Under the consolidated tax return, the taxpayers are the individual companies, whose liability is proportionate to the taxable profit from individual tax returns. Once approved, tax consolidation must be applied for a period not less than five years.
31. Are there obligations to inform or consult employees or their representatives or obtain employee consent to a share sale or asset sale?
The parties must comply with respective labour regulations and inform the employees or their representatives of the asset sale, particularly if the asset sale will have an impact on the employees.
No employee consent is required.
The parties must comply with the respective labour regulations and inform the employees or their representatives on share sale especially if the share sale will have an impact on the employees.
No employee consent is required.
32. What protection do employees have against dismissal in the context of a share or asset sale? Are employees automatically transferred to the buyer in a business sale?
Provisions of the Labour Law protect the employees against dismissal in the context of a share or asset sale. Generally, in the case of statutory changes or changes of the employer, the employees are automatically transferred to the buyer in a business sale. The buyer must respect all rights and obligations of the employees from the current employment agreements. The seller must inform the employees in writing on the business sale at least five days before the transaction. The buyer must conclude employment agreements with the employees within five days of the transfer date and the new employment agreements cannot be any less favourable for the employees than the employment agreements that the employees had with the seller. However, if an employee refuses to conclude an employment agreement with the buyer or does not respond to the offer within the provided deadline, the seller can dismiss the employee (Article 87, Labour Law).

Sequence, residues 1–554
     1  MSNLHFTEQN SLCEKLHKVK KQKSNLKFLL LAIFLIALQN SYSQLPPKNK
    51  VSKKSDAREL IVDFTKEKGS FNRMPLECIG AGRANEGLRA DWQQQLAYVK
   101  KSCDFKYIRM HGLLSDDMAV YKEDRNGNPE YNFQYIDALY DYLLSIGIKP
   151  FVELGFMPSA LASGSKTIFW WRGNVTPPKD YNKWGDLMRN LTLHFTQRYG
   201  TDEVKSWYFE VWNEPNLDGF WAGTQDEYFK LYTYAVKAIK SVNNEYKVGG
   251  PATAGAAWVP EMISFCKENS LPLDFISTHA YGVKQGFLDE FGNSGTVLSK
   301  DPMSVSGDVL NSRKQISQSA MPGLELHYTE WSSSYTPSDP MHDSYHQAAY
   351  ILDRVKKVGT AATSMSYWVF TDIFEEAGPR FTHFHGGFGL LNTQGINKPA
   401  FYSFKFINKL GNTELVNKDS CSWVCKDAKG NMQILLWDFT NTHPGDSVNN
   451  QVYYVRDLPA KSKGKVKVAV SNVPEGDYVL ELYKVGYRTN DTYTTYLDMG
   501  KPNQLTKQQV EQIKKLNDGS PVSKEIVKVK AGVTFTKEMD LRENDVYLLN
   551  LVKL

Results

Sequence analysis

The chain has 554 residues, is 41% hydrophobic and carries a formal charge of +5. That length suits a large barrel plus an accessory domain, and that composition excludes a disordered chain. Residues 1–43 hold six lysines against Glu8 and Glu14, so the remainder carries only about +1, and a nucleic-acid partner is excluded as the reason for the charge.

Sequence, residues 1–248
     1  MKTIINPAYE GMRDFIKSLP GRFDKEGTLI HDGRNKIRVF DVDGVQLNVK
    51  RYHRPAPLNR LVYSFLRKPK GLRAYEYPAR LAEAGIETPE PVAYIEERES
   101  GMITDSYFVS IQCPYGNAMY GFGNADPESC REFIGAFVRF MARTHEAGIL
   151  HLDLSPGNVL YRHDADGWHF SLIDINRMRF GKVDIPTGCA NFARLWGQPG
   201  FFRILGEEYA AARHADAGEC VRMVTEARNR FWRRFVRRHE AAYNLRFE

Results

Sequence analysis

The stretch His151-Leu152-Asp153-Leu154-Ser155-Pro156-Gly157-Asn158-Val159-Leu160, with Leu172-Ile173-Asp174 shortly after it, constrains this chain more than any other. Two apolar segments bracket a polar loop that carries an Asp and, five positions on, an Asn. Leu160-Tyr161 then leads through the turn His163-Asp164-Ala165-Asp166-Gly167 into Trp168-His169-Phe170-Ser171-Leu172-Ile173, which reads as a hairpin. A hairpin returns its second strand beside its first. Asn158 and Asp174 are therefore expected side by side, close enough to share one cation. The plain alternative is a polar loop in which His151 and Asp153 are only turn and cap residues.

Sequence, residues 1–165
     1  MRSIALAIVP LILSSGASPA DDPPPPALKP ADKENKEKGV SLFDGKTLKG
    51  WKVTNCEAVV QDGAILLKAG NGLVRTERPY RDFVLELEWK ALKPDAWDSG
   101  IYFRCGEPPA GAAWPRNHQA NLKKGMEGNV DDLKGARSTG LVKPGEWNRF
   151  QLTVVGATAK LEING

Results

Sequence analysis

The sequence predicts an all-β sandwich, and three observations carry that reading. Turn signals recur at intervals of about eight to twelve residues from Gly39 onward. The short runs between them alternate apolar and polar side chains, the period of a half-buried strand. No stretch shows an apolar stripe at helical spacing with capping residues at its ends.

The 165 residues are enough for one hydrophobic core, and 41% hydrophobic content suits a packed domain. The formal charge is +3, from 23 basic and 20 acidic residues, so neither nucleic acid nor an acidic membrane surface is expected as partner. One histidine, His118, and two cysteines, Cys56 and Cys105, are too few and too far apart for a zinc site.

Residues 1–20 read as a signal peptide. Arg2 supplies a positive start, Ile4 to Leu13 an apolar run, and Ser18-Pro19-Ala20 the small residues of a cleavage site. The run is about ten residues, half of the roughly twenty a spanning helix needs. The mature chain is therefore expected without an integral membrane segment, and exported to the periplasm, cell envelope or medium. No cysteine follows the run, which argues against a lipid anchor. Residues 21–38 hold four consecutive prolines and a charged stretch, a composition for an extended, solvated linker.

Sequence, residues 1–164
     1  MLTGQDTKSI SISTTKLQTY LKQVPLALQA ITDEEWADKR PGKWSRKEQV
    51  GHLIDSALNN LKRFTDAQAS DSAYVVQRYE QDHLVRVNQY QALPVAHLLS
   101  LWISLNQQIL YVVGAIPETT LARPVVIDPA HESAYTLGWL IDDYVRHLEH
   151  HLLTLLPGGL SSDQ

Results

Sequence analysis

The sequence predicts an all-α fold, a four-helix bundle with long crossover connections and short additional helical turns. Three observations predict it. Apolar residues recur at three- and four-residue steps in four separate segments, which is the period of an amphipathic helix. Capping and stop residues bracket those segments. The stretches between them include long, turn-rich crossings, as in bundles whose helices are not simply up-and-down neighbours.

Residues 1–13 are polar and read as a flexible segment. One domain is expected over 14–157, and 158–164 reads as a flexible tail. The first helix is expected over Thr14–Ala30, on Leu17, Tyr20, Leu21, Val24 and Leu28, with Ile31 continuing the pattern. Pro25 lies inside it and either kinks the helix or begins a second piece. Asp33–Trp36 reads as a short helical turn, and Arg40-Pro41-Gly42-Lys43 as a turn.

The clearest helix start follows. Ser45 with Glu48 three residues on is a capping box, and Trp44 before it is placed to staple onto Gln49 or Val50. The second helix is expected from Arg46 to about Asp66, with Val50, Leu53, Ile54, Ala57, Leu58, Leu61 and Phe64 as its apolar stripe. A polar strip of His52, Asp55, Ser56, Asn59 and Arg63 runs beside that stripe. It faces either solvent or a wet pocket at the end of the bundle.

The seller and the buyer must inform the respective trade union of the following:
- Date of the business sale.
- Reasons for the business sale.